The Ben Franklin Bridge in Philadelphia, PA has been on my to-photograph list for a long time and earlier this year, I was technically able to check this attraction off of my list (I decided to keep it on the list for images from a different angle).
Having not been to this location before (aside from driving across the bridge), I needed some daylight time to scout for the evening's photos. I knew the basics of the area based on my research, but onsite finalization of the plan is usually needed. Even though very far from the bay and roughly 90mi (150km) from the Atlantic Ocean, this location on the Delaware River is tidal. I knew that there was a tide and that the tide would be going out during my shooting time (incoming tides require more concern). What I didn't know was the significance of the water level change. My scouting determined that locations close to the early evening water appeared best and I had lots of flowing water in the foreground for the image I envisioned.
As prime time approached, I watched the water level rapidly decrease a significant amount until my side of the river became nearly empty. There was nothing I could do about the situation and I was not about to attempt walking out into the quicksand-like muck. As photographers must always be ready to do, I embraced what I had to work with. The good news is that, as the water level dropped far enough, I had wet mud and pools of water that nicely reflected the bridge and city, creating a look that I may like even better than the image I had visualized.
On a good day, Philadelphia is an over-3-hour drive for me. The ideal time of the day to photograph the city lights with at least a little color in the sky is only a small fraction of that time duration. Life is busy and when it comes to good images, more is rarely worse than less. If you are a professional photographer, you count on your images for your income. If your primary income is not generated by photography, you probably cannot spend as must time in the field as you wish. To maximize your image volume relative to effort expended, perhaps close to a doubling effect, run two complete camera setups.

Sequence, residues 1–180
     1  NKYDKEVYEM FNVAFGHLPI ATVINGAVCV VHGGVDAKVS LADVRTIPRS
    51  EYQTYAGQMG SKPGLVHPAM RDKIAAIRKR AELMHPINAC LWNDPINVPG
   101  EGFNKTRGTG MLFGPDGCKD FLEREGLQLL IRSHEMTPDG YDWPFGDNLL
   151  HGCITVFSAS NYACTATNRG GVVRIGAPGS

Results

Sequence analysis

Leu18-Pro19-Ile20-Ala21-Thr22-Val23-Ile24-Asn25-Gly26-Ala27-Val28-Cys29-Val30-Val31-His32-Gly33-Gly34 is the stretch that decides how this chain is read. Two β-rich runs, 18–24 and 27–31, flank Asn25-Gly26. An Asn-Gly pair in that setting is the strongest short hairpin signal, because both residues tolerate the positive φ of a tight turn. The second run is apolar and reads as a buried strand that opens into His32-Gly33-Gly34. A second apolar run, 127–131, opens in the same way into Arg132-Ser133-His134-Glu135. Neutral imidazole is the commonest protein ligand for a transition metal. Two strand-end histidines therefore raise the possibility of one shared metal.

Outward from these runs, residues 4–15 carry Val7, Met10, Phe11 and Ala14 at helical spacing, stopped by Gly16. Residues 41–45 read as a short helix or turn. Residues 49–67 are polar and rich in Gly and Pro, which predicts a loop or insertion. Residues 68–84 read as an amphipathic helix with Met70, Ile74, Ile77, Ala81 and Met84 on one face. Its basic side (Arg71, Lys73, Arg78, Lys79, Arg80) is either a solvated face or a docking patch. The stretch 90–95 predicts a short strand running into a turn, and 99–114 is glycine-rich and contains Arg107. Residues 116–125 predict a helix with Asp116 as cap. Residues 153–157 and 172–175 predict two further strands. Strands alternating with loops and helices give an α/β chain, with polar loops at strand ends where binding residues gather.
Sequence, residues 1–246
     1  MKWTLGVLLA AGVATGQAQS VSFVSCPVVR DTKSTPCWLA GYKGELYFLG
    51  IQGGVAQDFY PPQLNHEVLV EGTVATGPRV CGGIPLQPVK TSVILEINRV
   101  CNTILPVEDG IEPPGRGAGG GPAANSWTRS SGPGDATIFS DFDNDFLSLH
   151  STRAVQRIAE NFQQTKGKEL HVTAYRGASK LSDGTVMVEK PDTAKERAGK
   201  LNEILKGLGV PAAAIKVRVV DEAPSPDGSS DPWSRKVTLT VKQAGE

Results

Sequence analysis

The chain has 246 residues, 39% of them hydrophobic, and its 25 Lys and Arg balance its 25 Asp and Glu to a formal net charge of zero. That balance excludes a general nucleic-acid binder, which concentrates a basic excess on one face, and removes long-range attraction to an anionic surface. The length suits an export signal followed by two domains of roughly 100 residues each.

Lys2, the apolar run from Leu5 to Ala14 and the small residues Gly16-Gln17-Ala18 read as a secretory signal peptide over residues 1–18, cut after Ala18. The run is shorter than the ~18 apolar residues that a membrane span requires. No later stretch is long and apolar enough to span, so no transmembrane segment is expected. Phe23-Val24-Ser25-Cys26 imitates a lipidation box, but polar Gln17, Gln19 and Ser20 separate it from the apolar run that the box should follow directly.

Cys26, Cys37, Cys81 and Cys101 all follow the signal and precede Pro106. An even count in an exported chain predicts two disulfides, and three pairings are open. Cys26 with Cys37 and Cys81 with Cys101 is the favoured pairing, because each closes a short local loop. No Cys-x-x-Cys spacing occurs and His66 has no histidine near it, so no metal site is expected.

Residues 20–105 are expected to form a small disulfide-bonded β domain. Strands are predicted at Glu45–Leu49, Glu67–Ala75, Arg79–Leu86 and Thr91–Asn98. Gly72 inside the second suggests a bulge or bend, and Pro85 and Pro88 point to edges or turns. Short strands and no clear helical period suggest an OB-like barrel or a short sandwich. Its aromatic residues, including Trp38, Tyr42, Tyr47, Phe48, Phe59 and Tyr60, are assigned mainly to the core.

If you read my Canon EOS 80D review
, you saw an image showing one angle of the Ben Franklin bridge. With a very short period of time to capture images and each image taking approximately a minute to capture (a 15-30-second exposure followed immediately by a same-length long exposure noise reduction process), having at least a second complete camera and tripod setup nearly doubled my images for this evening. While the 80D and Canon EF-S 18-135mm IS USM
came out of the MindShift Gear BackLight 26L
later in the evening, I mostly used the 5Ds R
and EF 24-70mm f/2.8L II
on a Gitzo GT3542LS
with an Arca-Swiss Z1
, set up close to the bridge.
About 100' (33m) to the north, I had another 5Ds R mounted to an EF 16-35mm f/4L IS USM Lens
on an Gitzo GT1542T Traveler
with an Acratech GP-s Ball Head
as my second primary camera and lens combination.
I very frequently utilize a pair of cameras when shooting landscapes and cityscapes before sunrise, after sunset or even when working with strong neutral density filters
under bright sunlight. The process is simple. I find a unique composition for each camera. Upon finishing one camera's setup and triggering the shutter release, I run to the other camera (well, I sort-of ran and stumbled over the big rocks in this case) and did the same. By the time I return to the first camera, it is usually finished or nearly finished with its processing. I quickly evaluate the image captured, make any adjustments I feel are warranted and repeat the process.
If running two camera setups not immediately within reach, safety for the gear must be considered. I wouldn't call the area below the Camden, NJ side of the Ben Franklin Bridge the safest I've been in. It was dark, there were no other people around and I kept a very close eye on the second camera setup, watching for anyone sketchy approaching. Having the cameras setup this far apart gave me very different perspectives of the bridge and city vs. simply different framing of the same perspective. The 5Ds R would permit strong cropping to achieve a similar framing adjustment, so I wanted something completely different from the second camera.
With so many images that I like captured that evening, I struggled to pick out one to share (part of the problem of having perfectionist tendencies). Three months later, I forced myself to pick one. This was it. Hope you like it and hope even more that you can increase the number of great images that you capture.